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In pictures: The 2014 North American Handmade Bicycle Show


March 20, 2014

NAHBS 2014 featured over 150 exhibitors from around the world

NAHBS 2014 featured over 150 exhibitors from around the world

Image Gallery (80 images)

Ask someone to list off the world's most innovative bicycles, and chances are that they'll mention some mass-produced bikes made by big-name manufacturers. The fact is, though, it's more often the smaller, independent builders that are doing the real innovating. For the past 10 years, many of them have been showing off their latest builds at the North American Handmade Bicycle Show (NAHBS). We attended this year's event, which took place last weekend in Charlotte, North Carolina. Here's a look at some of the things that really caught our eye.

NAHBS 2014 featured over 150 exhibitors from around the world – although most of them were from North America.

Given our mandate here at Gizmag, we were particularly interested in finding examples of out-of-the-box thinking – bikes that might be a little too "alternative" to sell in huge numbers, but that demonstrate a willingness to experiment with things like new frame materials, geometries, or drive trains.

There were plenty.

We've already covered some of the standout cycling innovations over the past week, but you can take a peek at the rest in this article's photo gallery. Just be warned that doing so may cause extreme bicycle lust.

About the Author
Ben Coxworth An experienced freelance writer, videographer and television producer, Ben's interest in all forms of innovation is particularly fanatical when it comes to human-powered transportation, film-making gear, environmentally-friendly technologies and anything that's designed to go underwater. He lives in Edmonton, Alberta, where he spends a lot of time going over the handlebars of his mountain bike, hanging out in off-leash parks, and wishing the Pacific Ocean wasn't so far away. All articles by Ben Coxworth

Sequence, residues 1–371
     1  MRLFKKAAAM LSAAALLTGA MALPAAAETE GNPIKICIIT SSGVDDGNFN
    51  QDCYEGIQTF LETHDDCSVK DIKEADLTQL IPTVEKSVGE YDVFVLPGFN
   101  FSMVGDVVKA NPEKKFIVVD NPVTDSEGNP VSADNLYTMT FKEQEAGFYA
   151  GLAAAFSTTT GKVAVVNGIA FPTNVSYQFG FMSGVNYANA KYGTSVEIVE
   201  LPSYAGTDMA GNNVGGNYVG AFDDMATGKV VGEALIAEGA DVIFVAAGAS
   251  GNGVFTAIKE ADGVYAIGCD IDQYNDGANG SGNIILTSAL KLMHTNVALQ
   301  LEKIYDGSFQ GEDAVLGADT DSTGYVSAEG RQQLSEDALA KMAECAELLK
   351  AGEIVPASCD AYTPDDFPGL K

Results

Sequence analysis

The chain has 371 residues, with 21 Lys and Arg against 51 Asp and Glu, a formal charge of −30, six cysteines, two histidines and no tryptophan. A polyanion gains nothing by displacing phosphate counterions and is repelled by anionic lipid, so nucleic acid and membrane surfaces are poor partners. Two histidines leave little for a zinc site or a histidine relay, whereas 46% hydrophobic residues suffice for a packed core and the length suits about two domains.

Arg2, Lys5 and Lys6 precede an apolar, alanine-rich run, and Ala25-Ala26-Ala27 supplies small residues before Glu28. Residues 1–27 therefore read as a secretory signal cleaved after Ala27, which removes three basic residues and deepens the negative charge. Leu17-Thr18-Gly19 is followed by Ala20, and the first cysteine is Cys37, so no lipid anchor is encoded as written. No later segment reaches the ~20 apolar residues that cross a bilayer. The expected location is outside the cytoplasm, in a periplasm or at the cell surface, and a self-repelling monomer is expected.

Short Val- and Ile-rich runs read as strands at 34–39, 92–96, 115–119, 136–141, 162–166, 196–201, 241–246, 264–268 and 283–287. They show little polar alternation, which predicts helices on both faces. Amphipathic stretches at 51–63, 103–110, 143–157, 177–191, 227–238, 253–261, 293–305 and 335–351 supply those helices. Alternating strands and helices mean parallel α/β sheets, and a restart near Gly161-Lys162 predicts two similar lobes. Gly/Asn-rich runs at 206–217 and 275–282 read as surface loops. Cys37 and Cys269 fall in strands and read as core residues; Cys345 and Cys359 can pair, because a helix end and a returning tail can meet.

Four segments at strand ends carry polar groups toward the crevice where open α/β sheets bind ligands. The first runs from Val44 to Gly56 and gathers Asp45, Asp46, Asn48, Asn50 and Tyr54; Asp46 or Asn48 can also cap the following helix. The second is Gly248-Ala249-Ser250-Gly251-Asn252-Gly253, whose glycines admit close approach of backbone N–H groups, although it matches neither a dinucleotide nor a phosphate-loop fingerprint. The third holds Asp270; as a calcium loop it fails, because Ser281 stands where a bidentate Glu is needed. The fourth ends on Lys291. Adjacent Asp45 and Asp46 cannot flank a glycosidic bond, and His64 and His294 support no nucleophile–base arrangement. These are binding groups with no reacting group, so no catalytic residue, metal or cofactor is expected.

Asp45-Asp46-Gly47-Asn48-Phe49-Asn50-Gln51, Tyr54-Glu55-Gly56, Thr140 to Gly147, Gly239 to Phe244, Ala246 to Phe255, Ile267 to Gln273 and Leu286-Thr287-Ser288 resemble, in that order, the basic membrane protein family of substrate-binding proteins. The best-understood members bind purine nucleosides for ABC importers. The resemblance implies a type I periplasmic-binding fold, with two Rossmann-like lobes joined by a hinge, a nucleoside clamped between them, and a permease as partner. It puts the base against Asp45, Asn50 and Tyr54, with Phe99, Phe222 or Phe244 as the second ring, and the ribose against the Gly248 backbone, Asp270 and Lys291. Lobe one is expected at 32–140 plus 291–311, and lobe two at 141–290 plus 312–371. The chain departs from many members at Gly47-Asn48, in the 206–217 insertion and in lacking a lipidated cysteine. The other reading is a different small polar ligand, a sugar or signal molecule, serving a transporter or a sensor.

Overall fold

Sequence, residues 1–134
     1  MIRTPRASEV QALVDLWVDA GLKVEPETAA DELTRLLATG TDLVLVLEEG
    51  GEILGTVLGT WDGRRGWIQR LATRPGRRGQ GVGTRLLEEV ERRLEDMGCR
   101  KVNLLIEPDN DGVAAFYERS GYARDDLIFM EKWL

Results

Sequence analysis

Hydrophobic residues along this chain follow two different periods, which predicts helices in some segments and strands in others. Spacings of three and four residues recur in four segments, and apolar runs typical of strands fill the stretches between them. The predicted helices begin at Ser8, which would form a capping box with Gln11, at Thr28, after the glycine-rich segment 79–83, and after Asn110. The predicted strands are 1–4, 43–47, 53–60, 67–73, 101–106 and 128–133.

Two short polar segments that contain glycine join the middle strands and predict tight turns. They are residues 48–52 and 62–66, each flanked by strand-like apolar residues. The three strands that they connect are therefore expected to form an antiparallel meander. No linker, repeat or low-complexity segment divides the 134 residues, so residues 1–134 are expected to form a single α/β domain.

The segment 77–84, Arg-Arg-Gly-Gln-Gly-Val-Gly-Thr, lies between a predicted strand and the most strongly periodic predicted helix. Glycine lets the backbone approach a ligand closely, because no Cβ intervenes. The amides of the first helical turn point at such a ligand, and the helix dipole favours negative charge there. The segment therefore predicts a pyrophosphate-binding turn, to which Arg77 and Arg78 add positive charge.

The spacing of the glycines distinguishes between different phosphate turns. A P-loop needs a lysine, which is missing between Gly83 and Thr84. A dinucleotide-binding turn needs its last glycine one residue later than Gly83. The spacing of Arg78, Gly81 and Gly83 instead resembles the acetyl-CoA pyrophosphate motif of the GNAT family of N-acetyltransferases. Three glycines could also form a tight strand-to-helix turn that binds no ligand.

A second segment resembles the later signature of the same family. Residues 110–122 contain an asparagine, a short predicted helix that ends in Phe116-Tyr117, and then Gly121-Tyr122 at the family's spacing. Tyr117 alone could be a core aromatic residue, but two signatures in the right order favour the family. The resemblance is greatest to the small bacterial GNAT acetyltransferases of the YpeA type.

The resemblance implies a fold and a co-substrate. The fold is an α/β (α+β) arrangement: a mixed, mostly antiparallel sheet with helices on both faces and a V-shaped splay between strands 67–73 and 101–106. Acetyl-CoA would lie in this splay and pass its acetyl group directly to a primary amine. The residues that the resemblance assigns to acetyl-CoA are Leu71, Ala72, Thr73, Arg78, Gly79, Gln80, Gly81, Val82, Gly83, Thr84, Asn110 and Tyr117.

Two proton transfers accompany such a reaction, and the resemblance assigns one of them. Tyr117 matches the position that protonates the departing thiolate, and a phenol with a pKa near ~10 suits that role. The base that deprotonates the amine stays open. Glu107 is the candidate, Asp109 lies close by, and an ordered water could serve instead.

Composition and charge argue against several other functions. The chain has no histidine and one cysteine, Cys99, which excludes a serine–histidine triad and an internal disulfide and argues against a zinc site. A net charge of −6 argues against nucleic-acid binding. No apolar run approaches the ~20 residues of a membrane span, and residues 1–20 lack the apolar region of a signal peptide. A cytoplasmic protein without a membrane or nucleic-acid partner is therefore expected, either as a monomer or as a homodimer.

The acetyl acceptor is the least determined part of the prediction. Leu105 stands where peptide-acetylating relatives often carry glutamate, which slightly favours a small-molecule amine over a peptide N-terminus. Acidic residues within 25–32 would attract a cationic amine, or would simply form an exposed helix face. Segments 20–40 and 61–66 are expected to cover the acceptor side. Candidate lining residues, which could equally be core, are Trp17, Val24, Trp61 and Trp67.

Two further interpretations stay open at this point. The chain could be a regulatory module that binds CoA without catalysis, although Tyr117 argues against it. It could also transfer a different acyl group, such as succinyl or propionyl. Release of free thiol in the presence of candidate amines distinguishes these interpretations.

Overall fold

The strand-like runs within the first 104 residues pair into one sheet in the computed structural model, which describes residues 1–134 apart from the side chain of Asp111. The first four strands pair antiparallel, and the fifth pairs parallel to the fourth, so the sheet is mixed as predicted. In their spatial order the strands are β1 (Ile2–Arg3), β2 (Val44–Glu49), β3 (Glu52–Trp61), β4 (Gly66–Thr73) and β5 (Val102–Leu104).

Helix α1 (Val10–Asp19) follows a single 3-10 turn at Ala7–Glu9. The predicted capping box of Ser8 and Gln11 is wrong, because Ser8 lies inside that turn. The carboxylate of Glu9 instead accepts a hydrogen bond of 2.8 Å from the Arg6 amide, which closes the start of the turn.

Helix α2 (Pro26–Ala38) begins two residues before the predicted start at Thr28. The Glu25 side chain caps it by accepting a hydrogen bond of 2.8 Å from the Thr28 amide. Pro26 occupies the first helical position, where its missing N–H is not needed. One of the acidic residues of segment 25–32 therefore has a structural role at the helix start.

The recumbent manufacturers have their own trade show called Recumbent Cycle-Con. http://recumbentcyclecon.blogspot.com/.


Lots of interesting bikes but ...not a single recumbent? Or were they banned?


thanks for the recumbent link. I am shocked at the overabundance of design, but I guess conspicuous consumption is not foreign to cycling circles. As for engineering, a few highlights kept me plodding thru the pictures. I have more smiles looking thru low rider coverage of the bikes in so cal!

still a diamond flat frame...except those excludable "recumbenteers!

Walt Stawicki

Bikes are one. (NAHBS includes dozens of bike (and trike) types. Zero reason to exclude one.)

Jeff Potter
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